• fetch_new_hlb tries to grab a new copy of the data from the umich website and serialize it to a ~500k file called hlb.json.gz in the given directory. Useful for putting in a cron job to periodically update with fresh data
$> fetch_new_hlb

fetch_new_hlb -- get a new copy of the HLB ready for use by high_level_browse
and stick it in the given directory

   Usage: fetch_new_hlb <dir>
  • hlb takes one or more callnumbers and returns a text display of the categories associated with them. It will stash a copy of the database in Dir.tmpdirif there isn't one there already, and use it on subsequent calls so things aren't so desperately slow. (To find your tmpdir, in your shell run ruby -e 'require "tmpdir"; puts Dir.tmpdir')
$> hlb

hlb -- get high level browse data for an LC call number

Example:
   hlb "qa 11.33 .C4 .H3"
    or do several at once
   hlb "PN 33.4" "AC 1122.3 .C22" ...
 
# Let's try it
$> hlb "qa 11.33 .C4"
   
   Science | Mathematics
   Social Sciences | Education   
   

A warning about (lack of) coverage

Note that not every possible valid callnumber will be necessarily be contained in any dicipline at all. Many books aren't academic in nature, and even then coverage is known to have some holes. Some of the ranges cover essentially a single book in the umich collection. And, of course, not every record is going to have a LC Call Number, so there's that.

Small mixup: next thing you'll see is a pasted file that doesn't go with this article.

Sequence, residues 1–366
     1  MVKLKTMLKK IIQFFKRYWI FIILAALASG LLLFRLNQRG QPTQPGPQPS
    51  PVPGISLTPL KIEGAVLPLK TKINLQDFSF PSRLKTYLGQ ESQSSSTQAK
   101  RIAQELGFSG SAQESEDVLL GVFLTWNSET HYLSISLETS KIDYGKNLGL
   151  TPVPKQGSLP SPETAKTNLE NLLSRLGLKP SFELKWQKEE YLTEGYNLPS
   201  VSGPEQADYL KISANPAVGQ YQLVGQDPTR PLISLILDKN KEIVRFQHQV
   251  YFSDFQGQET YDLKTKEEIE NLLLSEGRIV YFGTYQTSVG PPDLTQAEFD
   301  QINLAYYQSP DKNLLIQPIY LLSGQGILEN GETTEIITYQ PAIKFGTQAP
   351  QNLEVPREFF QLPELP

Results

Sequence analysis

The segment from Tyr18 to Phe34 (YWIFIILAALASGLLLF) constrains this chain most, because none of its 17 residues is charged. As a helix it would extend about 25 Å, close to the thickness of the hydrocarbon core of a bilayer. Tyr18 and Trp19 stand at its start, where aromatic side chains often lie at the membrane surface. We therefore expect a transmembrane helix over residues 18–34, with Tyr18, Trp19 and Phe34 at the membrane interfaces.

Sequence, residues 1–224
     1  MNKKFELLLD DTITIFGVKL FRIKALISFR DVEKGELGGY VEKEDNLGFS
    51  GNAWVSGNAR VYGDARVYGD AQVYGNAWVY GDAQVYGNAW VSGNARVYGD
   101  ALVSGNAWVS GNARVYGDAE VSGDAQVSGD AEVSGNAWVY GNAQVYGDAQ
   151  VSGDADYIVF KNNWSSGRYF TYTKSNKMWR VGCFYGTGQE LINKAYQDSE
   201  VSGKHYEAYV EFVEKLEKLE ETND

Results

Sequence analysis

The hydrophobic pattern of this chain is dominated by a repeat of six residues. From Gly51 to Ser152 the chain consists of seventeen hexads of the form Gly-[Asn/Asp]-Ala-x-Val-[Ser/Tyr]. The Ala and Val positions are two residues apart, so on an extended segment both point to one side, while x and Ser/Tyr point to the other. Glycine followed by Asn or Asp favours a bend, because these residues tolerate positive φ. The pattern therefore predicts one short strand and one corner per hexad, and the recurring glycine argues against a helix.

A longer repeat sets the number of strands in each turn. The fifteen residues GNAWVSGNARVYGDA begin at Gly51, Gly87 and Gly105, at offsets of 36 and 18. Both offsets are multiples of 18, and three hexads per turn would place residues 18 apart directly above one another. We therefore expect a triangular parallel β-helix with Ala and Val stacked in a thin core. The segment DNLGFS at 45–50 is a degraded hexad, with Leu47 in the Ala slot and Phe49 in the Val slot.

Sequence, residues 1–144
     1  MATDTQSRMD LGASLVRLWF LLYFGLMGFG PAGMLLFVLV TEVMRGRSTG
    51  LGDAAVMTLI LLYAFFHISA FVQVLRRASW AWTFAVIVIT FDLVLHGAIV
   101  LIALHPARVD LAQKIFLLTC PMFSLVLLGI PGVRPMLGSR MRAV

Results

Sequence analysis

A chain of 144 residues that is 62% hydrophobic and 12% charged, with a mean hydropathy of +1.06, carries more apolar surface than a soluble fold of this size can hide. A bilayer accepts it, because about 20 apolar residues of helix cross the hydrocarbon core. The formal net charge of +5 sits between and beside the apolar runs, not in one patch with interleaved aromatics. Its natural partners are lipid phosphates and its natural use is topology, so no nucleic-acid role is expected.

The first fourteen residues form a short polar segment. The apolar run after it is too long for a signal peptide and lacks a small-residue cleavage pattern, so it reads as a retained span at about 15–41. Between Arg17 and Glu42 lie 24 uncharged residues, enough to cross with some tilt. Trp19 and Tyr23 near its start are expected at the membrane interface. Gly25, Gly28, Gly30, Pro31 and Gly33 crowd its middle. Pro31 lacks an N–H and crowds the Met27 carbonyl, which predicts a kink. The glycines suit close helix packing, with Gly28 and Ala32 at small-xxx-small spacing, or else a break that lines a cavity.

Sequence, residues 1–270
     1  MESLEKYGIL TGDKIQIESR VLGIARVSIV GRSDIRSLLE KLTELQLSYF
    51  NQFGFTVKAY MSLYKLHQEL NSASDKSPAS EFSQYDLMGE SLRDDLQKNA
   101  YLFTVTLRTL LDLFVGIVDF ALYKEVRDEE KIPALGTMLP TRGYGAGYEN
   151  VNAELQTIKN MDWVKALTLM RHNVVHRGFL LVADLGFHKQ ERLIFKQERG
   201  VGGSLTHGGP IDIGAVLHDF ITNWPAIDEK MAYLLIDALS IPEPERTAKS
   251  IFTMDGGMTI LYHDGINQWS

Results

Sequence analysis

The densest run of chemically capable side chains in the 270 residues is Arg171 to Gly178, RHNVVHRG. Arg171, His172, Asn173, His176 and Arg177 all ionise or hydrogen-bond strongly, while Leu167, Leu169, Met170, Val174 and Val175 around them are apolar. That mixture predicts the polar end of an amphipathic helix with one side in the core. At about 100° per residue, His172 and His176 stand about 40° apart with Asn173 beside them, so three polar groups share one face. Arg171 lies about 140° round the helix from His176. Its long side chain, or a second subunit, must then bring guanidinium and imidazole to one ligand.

This is all to say: this may or may not be useful at your insitution. You'll have to experiment.

To help with this, there's a little script in the bin/ directory called test_marc_file_for_hlb which will, when given a MARC-XML file (ending in .xml) or a MARC-binary file (ending in anything else), output some statistics on what kind of coverage you would get. It might be useful to send a test file through there to see what comes up. It looks in the 050 and the 852[h] to see if anything pops, but you can make it looks elsewhere pretty easily.

It produces something like this:

050 fields
     9790 total
      209 not recognized as LC call numbers
     9337 with at least one HLB category
      244 with NO category

Of 17642 records,
  9677 (54.85%) had a field that often contains an LC Call Number
  9262 (95.71%) of *those* had at least one HLB category

Performance

On my laptop under normal load (e.g., not very scientific at all) I get the following running in a single thread

  ruby 2.3  this gem       ~8500 lookups/second
  ruby 2.4  this gem       ~9100 lookups/second
  jruby 9   this gem     ~20,000 lookups/second
  jruby 9,  old HLB.jar    ~6500 lookups/second
  jruby 1.7 this gem             error, can't do named arguments since it's 1.9 mode
  jruby 1.7 old HLB.jar    ~6700 lookups/second

The old HLB.jar refers to a pure java version that I call from within Jruby as part of my catalog indexing process now. Ithas a different (worse) algorithm, but is of interest because it's what I'm writing this to replace.

Installation

    gem 'high_level_browse'

Contributing

  1. Fork it ( https://github.com/[my-github-username]/high_level_browse/fork )
  2. Create your feature branch (git checkout -b my-new-feature)
  3. Commit your changes (git commit -am 'Add some feature')
  4. Push to the branch (git push origin my-new-feature)
  5. Create a new Pull Request